Introduction

Every Linear Transformation $T$ has four fundamental subspaces associated with it, namely

• Column Space
• Null Space
• Row Space
• Left Null Space

Let $A$ denote the matrix of the Linear Transformation, $T$

• Column Space of $A$, $\mathbf{CS}(A)$ - vector space generated by a linear combination of the columns of $A$.
• Null Space of $A$, $\mathbf{N}(A)$ - vector space consisting of all the solution $x$ to the equation $Ax = 0$.
• Row Space of $A$, $RS(A)$ - vector space generated by a linear combination of the columns of $A^{T}$.
• Left Null Space of $A$, $N(A^T)$ - vector space which consists of all the solution $x$ to the equation $A^{T}x=0$.

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Motivation

Every Linear Transformation $T: V \rightarrow W$ is associated with four fundamental subspaces. Examining the nature of these subspaces (such as dimension) can often provide better clarity to the nature of the linear transformation. For example, consider a linear transformation from $\mathbb{R}^2 \rightarrow \mathbb{R}$. We say that the dimension of the Null Space, in this case, is $1$ because of an entire set of vectors(spanned by a particular basis) get transformed to the $0$ vector.

Consider a linear system of equations denoted by $Ax=b$(Video 1). Essentially, this system of equations has a unique solution only if the vector $b$ (made up of the constants of the equations) lies in the column space of $A$(Video 2). They play a critical role to understand the rank-nullity theorem and fundamental theorems of linear algebra. As they are defined on these subspaces.

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Bird's Eye View

The four subspaces are generally expressed in terms of the matrix $A$, the matrix of a linear transformation, say $T: V \rightarrow W$, and its transpose $A^T$. The column space is defined by the span of the columns of the matrix $A$. Similarly, row space is defined by the span of columns of $A^{T}$. The null space is defined as the set of all vectors $x$, which are solutions to equation $Ax=0$. This formulation is quite intuitive to understand as the null space consists of all vectors in the vector space $V$ that get transformed into the null vector. Likewise, the left null space is the solution to the equation $A^{T}x=0$.

It is important to note that the $\mathbf{CS}(A)$ and left null space is a subset of the image space, $W$ whereas the row space and null space is a subset of the original vector space, $V$.

In the following notes, we shall understand certain properties of each of the subspaces both visually and in the purview of the matrix representation of the linear transformation.

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Context of the Definitions

Let us consider a system of linear equations -
$x_{1}+x_{2}+x_{3} =b_{1}$
$x_{1}+2x_{2}+x_{3} =b_{2}$
$x_{1}+x_{2}+3x_{3} =b_{3}$
Represent this system in form $Ax=b \rightarrow$
$\left( \begin{array}{c c c} 1 & 1 & 1 \\ 1 & 2 & 1 \\ 1 & 1 & 3 \end{array}\right) \left[ \begin{array} {c} x_{1} \\ x_{2} \\ x_{3} \end{array}\right] = \left[ \begin{array}{c} b_{1} \\ b_{2} \\ b_{3} \end{array}\right]$        (See Video 1)

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Video 1: Writing System of linear equations in form of $Ax=b$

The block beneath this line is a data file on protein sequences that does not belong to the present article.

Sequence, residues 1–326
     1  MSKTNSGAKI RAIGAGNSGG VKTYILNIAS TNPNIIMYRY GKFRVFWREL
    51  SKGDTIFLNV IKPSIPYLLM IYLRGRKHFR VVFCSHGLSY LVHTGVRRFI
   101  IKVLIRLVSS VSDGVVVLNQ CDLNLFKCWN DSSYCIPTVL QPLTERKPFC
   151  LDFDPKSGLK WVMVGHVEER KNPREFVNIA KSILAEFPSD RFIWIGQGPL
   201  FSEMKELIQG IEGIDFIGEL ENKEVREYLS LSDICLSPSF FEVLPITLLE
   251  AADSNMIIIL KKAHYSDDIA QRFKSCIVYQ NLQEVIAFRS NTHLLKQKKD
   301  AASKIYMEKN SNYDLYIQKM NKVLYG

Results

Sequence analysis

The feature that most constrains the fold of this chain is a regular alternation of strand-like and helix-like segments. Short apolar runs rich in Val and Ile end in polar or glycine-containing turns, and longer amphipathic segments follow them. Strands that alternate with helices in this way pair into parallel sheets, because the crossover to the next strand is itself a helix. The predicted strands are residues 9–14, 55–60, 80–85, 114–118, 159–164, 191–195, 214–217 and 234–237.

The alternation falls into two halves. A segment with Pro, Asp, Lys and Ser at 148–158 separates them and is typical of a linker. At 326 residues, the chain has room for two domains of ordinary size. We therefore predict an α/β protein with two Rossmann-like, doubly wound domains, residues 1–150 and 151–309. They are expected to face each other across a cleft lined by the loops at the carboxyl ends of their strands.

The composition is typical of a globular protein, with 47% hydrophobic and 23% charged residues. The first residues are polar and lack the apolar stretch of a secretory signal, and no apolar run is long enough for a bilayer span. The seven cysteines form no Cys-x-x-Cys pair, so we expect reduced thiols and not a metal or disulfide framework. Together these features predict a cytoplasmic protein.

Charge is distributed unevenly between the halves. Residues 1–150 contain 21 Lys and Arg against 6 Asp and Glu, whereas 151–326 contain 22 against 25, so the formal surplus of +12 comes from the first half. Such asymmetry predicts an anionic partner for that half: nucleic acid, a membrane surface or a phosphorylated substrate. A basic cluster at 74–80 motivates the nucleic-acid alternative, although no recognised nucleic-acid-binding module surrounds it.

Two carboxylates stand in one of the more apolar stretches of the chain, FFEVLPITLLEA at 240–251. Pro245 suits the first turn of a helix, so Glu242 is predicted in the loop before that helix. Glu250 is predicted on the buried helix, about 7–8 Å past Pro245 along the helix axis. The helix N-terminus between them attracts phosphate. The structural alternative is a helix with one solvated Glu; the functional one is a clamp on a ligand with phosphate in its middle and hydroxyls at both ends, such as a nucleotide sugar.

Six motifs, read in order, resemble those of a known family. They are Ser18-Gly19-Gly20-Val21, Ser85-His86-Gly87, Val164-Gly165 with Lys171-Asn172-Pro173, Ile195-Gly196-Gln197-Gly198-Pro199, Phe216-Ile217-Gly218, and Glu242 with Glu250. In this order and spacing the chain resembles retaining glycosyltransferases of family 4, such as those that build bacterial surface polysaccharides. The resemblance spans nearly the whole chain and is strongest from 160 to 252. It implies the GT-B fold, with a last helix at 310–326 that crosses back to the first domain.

Column Space

The $CS(A)$ is a linear combination of columns of $A$.(See Video 2)

If $A = \left( \begin{array}{c c c} 1 & 1 & 1 \\ 1 & 2 & 1 \\ 1 & 1 & 3 \end{array}\right) \Rightarrow C(A) = x_{1}\left( \begin{array}{c c c} 1 \\ 1 \\ 1 \end{array}\right) + x_{2} \left( \begin{array}{c c c} 1 \\ 2 \\ 1 \end{array}\right) + x_{3} \left( \begin{array}{c c c} 1 \\ 1 \\ 3 \end{array}\right) = \left( \begin{array}{c c c} 1 & 1 & 1 \\ 1 & 2 & 1 \\ 1 & 1 & 3 \end{array}\right) \left[ \begin{array} {c} x_{1} \\ x_{2} \\ x_{3} \end{array}\right]=Ax$

Therefore, we can say that $Ax \equiv CS(A)$ for $x\in V$. Columns of matrix $A$ associated with linear transformation $T: V\rightarrow W$ are the transformed standard basis of $V$. Hence, $CS(A)$ is linear combination of transformed standard basis of $V$. Thereforeit is also called the range or image of $A$ (as $CS(A) \in W$).(See Video 2)

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Video 2: Column Space is same as the image of Linear Transformation

The equation $Ax = b$ will have solutions only if $b\in CS(A)$. Refer to video 3.

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Video 3: Existance of Solution w.r.t. vector $b$

Finding the Basis of Column Space

For a matrix A, let R be the RREF of matrix A. From R, we can identify pivot columns (columns corresponding to pivot variables or basic variables). The basis of column space of A are the columns of A corresponding to pivot columns of R.

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Null Space

The null space $N(A)$ or kernel of matrix $A$ ($ker(A)$) associated with a linear transformation $T: V\rightarrow W$ is the set of all vectors $x$ for which $Ax=0$ i.e. it is the vector subspace of $V$ that converges to 0 after the linear transformation (See video 4).

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Video 4: Null Space (Visually)

Finding the Basis of Null Space

Let us assume that the matrix $A$ is:

$A= \left( \begin{array}{c c} 1 & -1 \\ 1 & -1 \end{array} \right)$

$R$ = RREF of $A= \left( \begin{array}{c c c c c c} 1 & -1 \\ 0 & 0 \end{array} \right)$

$Ax = 0$ and $Rx=0$ will have the same solution. Let the x be $\left( \begin{array}{c} x_{1} \\ x_{2} \end{array} \right)$

$\left( \begin{array}{c c} 1 & -1 \\ 0 & 0 \end{array} \right) \left( \begin{array}{c} x_{1} \\ x_{2}\end{array} \right)=0$